There was also the environmental factor. Throughout the Gulf there is a move away from toxic pesticides and in the UAE - one of the two countries worst affected alongside Saudi Arabia - the government has cracked down on harmful chemicals, recently adding five more organo-phosphates to its list of banned pesticides.  In the latter half of 1997 the six governments of the GCC launched a five-year project to tackle the Red Palm Weevils using naturally occurring organisms that are not harmful to man. The Director General of the Arab Organisation for Agricultural Development (AOAD), Dr. Yahya Bakour, lobbied hard for financial backing and got it. The Islamic Development Bank (IDB) has come up with US$1.7 million of funding, while the Romebased International Fund for Agricultural Development (IFAD) has contributed a further US$lm. But faced with the enormous cost of setting up laboratories, offices and experimental sites as well as putting hundreds of researchers into the field, the project has had to rely heavily on contributions by GCC ministries of agriculture, in particular those of the UAE and Saudi Arabia. Now that the structure is in place, the team are concentrating their energies on a bizarre but effective biological weapon: the entomopathogenic (literally`insect-sickening') nematode. Dr. Hanounik, for whom the biological control of pests has been a lifelong work, has pioneered a method whereby live tropical nematode worms are injected into the trunks of infected palm trees. Once inside, they remote-sense the weevils, bore into them and then release a deadly bacterium which kills them through blood poisoning within 72 hours. Despite their gruesome behaviour, Dr. Hanounik says the nematodes cause no harm to the environment, people or plants, yet they can control more than 200 known pests. As well as the nematodes, he is focusing his energies on the use of naturally occurring fungi, bacteria and viruses to suppress the Red Palm Weevils. Although the nematodes are imported from abroad, Dr. Hanounik is keen to stress that such `beneficial organisms' are extracted and used locally in the Gulf region. The team's tactics are more intricate still. In order to concentrate the destructive weevils in one place and kill them, the project is using two naturally occurring substances known as aggregation pheromones and kairomones. "These pheromones," says Dr. Hanounik, "are chemical compounds produced in minute quantities by male weevils which causes them to gather in a hotspot. Kairomones are compounds emanating in tiny quantities from the fresh scars of trees that have been recently pruned. We use these two compounds to lure, trap and kill the weevils in mass quantities and it's the first time they've been successfully tested against the Red Palm Weevil." But first the team has to locate the infected palm groves. By using satellite remote sensing and imaging technology they aim to build up a comprehensive picture of the weevils' geographical distribution across Arabia. Once a weevil infestation is located from the air through colour changes, the priority is to eradicate them and prevent them from spreading to healthy plantations. Despite the scientific nature of the project, there is an element of intermediate technology about it. The aim of the first phase, which will last until the year 2000, is to develop and implement an effective technology for combatting the weevils. After that, the last two years will be devoted to transferring this technology on a large scale to Arabia's benighted date palm farmers. One of our main objectives," says Dr Hanounik, "is to establish national teams in GCC countries that can carry on the work after the project is completed. To this end we are training field workers and young Gulf scientists in various methods of biological control of pests." As well as setting up laboratories in Qatif, Saudi Arabia, and Ras Al Khaimah, UAE, the project aims to establish a regional research network amongst GCC countries that is closely linked with international research centres around the world. Red Palm Weevils are by no means limited to Arabia; they already have a foothold in the Indian subcontinent, Southeast Asia and other tropical palm-growing regions.  For the past 12 years it seems the Red Palm Weevils have had an almost free rein in Arabia. Largely unaffected by chemicals and often invisible to farmers, they have silently wreaked their damage on the region's most famous plant. Now, as their destructive power is set to magnify, they may finally have met their match. As the Arab Organisation for Agricultural Development's project takes off, the region's scientists will be pitting nature against nature. With millions of weevils still at large, the team members are keenly aware that time is not on their side. Dr. Hanounik is taking no holidays.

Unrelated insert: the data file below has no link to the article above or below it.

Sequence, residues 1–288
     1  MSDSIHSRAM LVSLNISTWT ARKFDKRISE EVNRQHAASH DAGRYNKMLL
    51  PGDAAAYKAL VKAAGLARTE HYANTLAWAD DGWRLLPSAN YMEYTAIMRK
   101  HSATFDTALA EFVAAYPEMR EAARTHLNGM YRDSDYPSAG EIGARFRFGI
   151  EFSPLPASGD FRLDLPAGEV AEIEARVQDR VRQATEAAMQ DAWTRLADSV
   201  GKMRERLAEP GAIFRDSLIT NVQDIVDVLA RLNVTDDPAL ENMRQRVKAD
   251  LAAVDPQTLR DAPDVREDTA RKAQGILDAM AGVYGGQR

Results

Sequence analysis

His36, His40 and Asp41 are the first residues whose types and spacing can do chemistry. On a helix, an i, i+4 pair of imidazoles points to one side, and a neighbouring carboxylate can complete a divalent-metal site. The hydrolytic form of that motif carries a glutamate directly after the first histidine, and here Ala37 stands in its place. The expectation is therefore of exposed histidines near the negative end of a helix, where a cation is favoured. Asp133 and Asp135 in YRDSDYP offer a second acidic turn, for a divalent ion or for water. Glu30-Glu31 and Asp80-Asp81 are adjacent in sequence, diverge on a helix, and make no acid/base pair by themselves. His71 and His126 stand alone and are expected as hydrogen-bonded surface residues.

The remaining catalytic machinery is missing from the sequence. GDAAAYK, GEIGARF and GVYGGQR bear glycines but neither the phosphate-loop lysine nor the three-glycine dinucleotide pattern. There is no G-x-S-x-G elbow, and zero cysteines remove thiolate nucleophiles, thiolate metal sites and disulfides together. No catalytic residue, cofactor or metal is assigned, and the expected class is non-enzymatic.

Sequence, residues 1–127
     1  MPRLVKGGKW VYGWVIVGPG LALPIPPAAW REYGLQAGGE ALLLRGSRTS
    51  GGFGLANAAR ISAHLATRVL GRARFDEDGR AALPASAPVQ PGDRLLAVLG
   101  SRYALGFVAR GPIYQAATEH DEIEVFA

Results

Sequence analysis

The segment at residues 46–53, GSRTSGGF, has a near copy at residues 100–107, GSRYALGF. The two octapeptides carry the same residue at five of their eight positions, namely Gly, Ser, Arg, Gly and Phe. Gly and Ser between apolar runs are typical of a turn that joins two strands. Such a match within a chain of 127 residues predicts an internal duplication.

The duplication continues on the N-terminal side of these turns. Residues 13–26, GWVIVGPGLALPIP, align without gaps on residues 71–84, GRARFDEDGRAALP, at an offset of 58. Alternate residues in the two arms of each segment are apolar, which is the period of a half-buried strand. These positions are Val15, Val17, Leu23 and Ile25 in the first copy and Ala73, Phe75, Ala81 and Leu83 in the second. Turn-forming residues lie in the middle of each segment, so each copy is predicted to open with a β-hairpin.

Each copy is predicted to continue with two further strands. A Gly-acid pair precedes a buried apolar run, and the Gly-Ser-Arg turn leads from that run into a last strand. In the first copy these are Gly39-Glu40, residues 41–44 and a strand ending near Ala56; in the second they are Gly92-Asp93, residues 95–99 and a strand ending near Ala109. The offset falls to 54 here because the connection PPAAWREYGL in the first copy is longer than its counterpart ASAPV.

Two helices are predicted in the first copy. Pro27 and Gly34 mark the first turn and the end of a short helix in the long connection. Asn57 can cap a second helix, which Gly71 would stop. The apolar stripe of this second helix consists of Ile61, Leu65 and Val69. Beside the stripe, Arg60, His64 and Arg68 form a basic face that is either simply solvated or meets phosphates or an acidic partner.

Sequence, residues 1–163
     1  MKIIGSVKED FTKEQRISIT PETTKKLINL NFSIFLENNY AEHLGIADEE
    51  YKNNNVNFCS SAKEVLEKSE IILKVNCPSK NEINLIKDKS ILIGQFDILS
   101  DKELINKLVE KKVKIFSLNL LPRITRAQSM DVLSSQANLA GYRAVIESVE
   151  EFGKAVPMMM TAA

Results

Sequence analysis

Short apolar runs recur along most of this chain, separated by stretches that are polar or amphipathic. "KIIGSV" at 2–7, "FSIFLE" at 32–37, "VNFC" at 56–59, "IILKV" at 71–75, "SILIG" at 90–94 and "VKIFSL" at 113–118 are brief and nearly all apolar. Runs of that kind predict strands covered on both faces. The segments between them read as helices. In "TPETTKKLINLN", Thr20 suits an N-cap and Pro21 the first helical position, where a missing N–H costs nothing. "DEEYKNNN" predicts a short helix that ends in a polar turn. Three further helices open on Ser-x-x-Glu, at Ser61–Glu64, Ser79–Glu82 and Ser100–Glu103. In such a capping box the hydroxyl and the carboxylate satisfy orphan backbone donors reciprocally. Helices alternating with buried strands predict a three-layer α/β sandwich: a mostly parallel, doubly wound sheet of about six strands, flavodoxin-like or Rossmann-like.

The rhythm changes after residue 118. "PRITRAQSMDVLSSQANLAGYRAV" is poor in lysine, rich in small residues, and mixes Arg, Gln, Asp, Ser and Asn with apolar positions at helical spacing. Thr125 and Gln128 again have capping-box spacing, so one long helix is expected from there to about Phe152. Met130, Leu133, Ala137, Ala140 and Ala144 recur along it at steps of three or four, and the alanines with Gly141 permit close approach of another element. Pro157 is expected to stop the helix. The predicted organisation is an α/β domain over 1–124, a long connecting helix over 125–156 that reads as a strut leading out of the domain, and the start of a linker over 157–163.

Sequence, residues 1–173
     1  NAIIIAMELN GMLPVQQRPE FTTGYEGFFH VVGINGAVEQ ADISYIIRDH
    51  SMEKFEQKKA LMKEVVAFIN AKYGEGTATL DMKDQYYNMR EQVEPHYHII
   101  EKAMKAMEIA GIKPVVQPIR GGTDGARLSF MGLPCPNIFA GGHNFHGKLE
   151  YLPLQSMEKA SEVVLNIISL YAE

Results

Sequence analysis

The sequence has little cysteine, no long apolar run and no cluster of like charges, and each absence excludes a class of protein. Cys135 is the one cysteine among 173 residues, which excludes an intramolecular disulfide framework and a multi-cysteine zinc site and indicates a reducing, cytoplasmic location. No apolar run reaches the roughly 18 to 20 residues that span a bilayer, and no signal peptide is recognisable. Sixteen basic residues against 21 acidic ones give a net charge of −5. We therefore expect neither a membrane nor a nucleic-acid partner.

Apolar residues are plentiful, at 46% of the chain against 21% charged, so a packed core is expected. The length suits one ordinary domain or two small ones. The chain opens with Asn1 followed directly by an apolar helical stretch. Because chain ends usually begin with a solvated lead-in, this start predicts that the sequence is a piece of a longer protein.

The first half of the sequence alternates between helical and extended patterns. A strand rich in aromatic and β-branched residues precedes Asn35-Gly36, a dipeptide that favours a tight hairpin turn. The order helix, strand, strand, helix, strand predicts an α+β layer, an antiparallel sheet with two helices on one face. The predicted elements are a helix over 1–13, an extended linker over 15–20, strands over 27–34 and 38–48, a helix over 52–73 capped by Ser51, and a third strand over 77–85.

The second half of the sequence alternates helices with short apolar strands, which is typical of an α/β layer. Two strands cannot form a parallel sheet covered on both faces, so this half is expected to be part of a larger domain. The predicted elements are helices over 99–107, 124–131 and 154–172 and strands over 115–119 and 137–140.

Setting a worm to catch a weevil


The Economist; London; Oct 18, 1997

 Abstract:
Arabia's Gulf states are under attack from a powerful enemy: the red palm weevil (Rhynchophorus ferrugineus). The armor plated insect has had a devastating effect on Arabia's 25m treasured date palms. The answer lies in a obscure and virulent tropical nematode worm.

ARABIA'S Gulf states are under attack from a powerful enemy. Neither Iranian nor Iraqi, this ruthless foe measures just five centimetres (two inches) long and goes by the name of Rhynchophorusferrugineus: the red palm weevil, for short. Since it arrived from Pakistan in the 1980s, the armour-plated insect has had a devastating effect on Arabia's 25m treasured date palms. More than 10,000 farms on the peninsula are now infested. Saudi Arabia's date industry alone is worth $200m a year. There are even fears that dates-Arabia's 5,000-year-old "fruit of life"-could be wiped out. The prospect of an Arabia without palm trees-one ofthe few plants to thrive everywhere in its unforgiving climatehas so alarmed the Gulf's governments that they have launched a five-year international programme to fight the plague. Financed by the Jeddah-based Islamic Development Bank, the $2.7m project is hoping to attack the weevils with a natural parasite, since man-made pesticides have so far failed.

 The weevils wreak their destruction by laying eggs in "wounded" palm trees, that is, trees that have been recently pruned leaving open scars.When the wevils' larvae hatch, they bore a network of tunnels inside the trunk. Immune from outside attack, they spread through the tree, weakening it until it dies. Like any other self-respecting parasite, the weevils then move on to find another host. The answer, it is thought, lies in an obscure and virulent tropical nematode worm. Like minuscule tunnel-rats, the nematodes will be injected into infected palm trunks where they will seek out the weevils and attack them at all stages of their life-cycle. Once inside a weevil's body, the worm releases a lethal bacterium that causes blood poisoning and death within three days. That, at least, is the theory. As yet, the strategy has been tested only in the laboratory, not yet on the tree. In the meantime, the march of the weevil continues unabated. An immediate task is to isolate and quarantine the farms already infected. The anti-weevil project intends to use remote satellite imaging to detect colour changes and thus identify which palm groves are infected. But with Arabia's population, now 25m, growing fast, there is pressure to increase the number of cultivated areas that have greened the region since the oil boom of the 1970s. Like the plot from a Hollywood disaster film, new farmers are unknowingly starting to recultivate old abandoned farms that are crawling with the destructive weevils. Reproduced with permission of the copyright owner. Further reproduction or distribution is prohibited without permission.